A Curtain Up LA Review

The Dead Boy

by Laura Hitchcock

It’s taken ten years for an American theatre to mount The Dead Boy, Joe Pintauro’s searing play inspired by the scandal alleging that the priest who founded New York City’s Covenant House sexually abused one of the homeless youths in the institution founded to protect them. The deftly woven drama receives its U. S. premiere in a first rate production at the Laurelgrove Theatre, directed by Jack Heller.

Pintauro goes beyond the predictable themes of guilt, religion and sexuality. His key characters are Father Sheridan (Stephen Nichols), the priest accused of having sex with Will Draper (Derek Sitter). Sitter also plays Sheridan as a young priest, giving the play an added dimension. Perhaps more villainous than Draper is Tony McGuire (Cyril O’Reilly), a former seminarian turned journalist who investigates the allegations. He is pitted against The Cardinal (Travis Michael Holder) and his assistant Father Rosetti (Lorry Goldman).

Glints of humor and realistic confrontations, in which the priests and cardinal call each other by their first names, give the play a welcome grounding. The action encompasses an accusation recanted, and a persistent journalist, whose earlier disillusionment with Sheridan makes his investigative journalism a remorseless dissection. The final betrayal of Sheridan by McGuire is an act that puts the concept of trust firmly in the scales.

The play’s principal weakness is a lack of clarification of McGuire’s action, even after his final confrontation with The Cardinal. The reporter has issues that are sensed but never resolved, leaving his high-minded vendetta a curiously one-note crusade. Rosetti delivers a brief coda summarizing the fate of the characters but McGuire’s ghost is left hanging. Sheridan, whose weakness invites his seduction by Draper, seems like an innocent compared to Draper and McGuire.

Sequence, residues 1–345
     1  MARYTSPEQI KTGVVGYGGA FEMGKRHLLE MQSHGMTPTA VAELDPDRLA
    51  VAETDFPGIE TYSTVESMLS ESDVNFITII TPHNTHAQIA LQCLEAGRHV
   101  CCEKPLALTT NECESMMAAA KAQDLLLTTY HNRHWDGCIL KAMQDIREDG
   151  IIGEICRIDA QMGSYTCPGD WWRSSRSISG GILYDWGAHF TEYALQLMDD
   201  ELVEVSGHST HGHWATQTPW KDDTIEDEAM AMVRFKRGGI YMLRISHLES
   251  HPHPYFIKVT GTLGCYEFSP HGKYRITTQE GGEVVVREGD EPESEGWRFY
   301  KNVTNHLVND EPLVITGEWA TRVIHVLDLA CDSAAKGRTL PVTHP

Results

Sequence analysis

Pintauro paints very clearly the cost of betrayal to the individual, in this case, a journalist who may not care what he’s paying. Although the end may justify the means. McGuire’s betrayal calls to mind the words of another churchman, John Donne, who wrote “Any man’s death diminishes me because I am involved in mankind.” The playwright skillfully weaves in the characters’ past histories of child abuse and depicts the desperate need for love that makes children vulnerable. He has a keen ear for dialogue and the play is exceptionally well constructed.

The subtle strength of the fine cast is exemplified by the way in which each actor holds the stage. The pyrotechnical dual role of the hustler Draper and The Young Priest, given its full due here by Derek Sitter, could easily overshadow the cast but that doesn’t happen here. Nichols anchors the play with the sensitive realism of his conflicted Sheridan. O’Reilly makes a piercing zealot of the journalist. Travis Michael Holder’s magisterial Cardinal has strength, warmth and a distinctive speech pattern. Lorry Goldman brings gentle humor to Father Rosetti, a supportive character in several senses of the word. It’s unusual to find a play with five such strong roles and to find actors who inhabit them so well.

Gregory Von Dare has created a lighting design that would put larger theatres to shame. Set Designer Scott Cheek has a tiny playing space to work with which he has covered with crucifixes. The Dead Boy is the second production of the Laurelgrove, off to an auspicious start under Artistic Director Jack Heller, who is to be credited for the taut pace and sensitivity of this production.